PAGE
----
Friday, March 14, 2008

how fast are we moving in the universe?

the earth rotates on its axis at about 1000 mph; we rotate along with it. speed is highest at the equator.

67000 mph: the earth circles the sun once a year as it completes the 587-million -mile orbit.

500,000 mph: the milky way galaxy rotates around its center, and we move with it.

1,300,000 mph: our cluster of galaxies is speeding toward the great attractor, a super-cluster that lies in the direction of the centaurus constellation.

we're in constant motion on earth; first the earth is rotating on its axis. your velocity in this respect depends on your location. at the equator, your tangential velocity is slightly over 1000 mph, but that reduces as you move north or south, and at the exact poles you would simply rotate in place. in addition to that movement, the earth revolves around the sun at 67,000 mph.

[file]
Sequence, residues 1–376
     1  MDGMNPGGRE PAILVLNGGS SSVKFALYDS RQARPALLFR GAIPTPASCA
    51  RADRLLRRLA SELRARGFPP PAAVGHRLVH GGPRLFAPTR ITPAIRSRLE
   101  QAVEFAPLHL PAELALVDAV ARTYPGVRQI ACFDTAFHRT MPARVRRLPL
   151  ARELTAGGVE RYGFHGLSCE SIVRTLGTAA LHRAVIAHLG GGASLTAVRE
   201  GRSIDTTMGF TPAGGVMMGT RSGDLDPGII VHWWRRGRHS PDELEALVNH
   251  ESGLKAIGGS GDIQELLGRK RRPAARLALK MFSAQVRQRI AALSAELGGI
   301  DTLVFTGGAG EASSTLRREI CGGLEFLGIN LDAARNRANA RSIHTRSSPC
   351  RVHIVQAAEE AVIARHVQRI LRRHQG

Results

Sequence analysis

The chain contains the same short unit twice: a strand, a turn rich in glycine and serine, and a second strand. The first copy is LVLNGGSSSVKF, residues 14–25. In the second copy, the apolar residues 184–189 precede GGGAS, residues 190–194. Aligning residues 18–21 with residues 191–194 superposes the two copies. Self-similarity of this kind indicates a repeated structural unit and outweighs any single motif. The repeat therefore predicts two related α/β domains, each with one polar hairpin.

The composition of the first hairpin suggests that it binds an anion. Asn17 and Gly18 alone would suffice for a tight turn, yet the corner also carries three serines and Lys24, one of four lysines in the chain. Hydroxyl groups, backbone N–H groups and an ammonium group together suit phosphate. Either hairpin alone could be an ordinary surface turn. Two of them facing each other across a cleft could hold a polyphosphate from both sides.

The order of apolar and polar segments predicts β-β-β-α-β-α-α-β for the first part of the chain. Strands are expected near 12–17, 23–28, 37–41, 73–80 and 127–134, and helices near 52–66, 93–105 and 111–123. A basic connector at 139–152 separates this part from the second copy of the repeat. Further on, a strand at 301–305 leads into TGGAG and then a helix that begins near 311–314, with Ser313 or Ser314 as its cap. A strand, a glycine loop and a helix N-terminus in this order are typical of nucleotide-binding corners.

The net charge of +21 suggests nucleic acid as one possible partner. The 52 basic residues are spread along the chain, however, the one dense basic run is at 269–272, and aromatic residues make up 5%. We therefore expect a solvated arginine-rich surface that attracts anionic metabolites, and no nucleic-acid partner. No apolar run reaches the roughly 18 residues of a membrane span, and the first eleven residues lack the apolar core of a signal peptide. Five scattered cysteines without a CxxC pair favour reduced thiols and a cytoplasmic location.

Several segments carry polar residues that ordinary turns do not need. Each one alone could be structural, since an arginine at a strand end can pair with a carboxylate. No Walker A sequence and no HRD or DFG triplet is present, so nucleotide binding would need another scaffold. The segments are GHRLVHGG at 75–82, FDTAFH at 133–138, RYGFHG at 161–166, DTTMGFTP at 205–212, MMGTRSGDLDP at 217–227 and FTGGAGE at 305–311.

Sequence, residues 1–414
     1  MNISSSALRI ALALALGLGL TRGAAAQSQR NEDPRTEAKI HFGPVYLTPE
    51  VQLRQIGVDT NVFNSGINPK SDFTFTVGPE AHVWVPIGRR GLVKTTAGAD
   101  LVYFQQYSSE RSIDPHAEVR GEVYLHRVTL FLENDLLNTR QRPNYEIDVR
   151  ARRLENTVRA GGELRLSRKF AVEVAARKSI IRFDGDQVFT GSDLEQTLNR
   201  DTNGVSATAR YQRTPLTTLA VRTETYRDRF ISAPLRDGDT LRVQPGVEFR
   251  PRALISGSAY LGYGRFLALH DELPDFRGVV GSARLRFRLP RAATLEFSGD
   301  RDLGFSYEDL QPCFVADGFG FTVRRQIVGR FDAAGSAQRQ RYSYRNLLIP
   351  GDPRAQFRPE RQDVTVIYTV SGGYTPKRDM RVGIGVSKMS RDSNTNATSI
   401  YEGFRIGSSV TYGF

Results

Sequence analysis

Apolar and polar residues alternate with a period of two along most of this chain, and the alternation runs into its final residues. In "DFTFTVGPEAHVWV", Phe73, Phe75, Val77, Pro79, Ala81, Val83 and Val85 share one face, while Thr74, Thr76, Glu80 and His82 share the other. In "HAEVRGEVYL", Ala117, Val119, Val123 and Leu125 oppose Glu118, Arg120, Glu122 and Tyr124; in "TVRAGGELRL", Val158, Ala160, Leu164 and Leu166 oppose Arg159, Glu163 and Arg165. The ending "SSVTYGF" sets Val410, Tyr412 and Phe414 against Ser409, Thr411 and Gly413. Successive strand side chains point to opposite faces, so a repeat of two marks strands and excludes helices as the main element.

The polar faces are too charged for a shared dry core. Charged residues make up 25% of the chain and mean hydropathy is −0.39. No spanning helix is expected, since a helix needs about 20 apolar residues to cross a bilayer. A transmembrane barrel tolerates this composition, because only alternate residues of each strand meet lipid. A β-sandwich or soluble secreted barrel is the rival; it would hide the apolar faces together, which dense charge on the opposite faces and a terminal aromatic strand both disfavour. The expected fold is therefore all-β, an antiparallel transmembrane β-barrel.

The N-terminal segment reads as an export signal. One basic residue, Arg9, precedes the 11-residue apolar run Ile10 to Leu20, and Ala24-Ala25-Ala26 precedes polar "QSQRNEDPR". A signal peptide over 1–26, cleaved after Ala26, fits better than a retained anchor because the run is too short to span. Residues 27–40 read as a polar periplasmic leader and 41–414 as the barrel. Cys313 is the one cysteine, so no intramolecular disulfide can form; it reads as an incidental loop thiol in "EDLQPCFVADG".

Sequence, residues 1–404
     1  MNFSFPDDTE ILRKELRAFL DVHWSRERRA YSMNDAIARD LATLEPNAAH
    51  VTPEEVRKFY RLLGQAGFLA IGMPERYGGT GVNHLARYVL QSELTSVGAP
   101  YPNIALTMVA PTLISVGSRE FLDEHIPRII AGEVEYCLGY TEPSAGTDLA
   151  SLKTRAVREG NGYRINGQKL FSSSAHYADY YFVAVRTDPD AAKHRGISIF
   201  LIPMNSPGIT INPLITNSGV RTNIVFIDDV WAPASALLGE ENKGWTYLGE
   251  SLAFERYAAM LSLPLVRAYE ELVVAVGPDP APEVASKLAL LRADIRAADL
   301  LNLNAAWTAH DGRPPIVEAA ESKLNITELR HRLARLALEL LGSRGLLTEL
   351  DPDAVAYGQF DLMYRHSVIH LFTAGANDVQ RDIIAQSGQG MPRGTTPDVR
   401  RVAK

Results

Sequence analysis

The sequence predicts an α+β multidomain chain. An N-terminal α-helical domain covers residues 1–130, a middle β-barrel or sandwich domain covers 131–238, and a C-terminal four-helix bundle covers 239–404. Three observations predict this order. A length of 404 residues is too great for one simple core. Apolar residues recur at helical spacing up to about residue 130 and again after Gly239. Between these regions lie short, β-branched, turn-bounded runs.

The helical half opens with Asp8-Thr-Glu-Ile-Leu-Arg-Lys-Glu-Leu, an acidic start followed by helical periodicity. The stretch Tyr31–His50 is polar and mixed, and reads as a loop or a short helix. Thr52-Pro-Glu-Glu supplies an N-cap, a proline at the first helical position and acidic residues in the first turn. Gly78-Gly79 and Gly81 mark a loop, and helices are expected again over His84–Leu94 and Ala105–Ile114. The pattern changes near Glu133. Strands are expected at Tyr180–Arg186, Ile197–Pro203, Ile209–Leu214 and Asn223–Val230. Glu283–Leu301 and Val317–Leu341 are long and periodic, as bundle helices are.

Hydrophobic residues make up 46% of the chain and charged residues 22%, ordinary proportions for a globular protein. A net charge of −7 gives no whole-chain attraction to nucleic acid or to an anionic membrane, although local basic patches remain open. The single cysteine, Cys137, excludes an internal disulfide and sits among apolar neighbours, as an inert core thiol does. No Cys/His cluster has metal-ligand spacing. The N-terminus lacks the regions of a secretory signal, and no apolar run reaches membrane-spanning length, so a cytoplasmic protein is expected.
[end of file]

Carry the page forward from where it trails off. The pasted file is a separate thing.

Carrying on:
our solar system sits in an arm of the milky way galaxy, which makes one revolution every 225 million years. that rotation shoots us along at a speed of about 500,000 mph. within our local cluster of galaxies, the milky way is hurling toward the andromeda galaxy at a speed of about 290,000 mph - on course for a collision in a few billion years.

we're also being drawn at a rate of about 1,300,000 mph toward an enormous supercluster, the great attractor, which lies about 250 million light-years away. and finally, we're expanding along with the universe. but since this amounts to space itself growing larger, it's not motion in the ordinary sense of the word.

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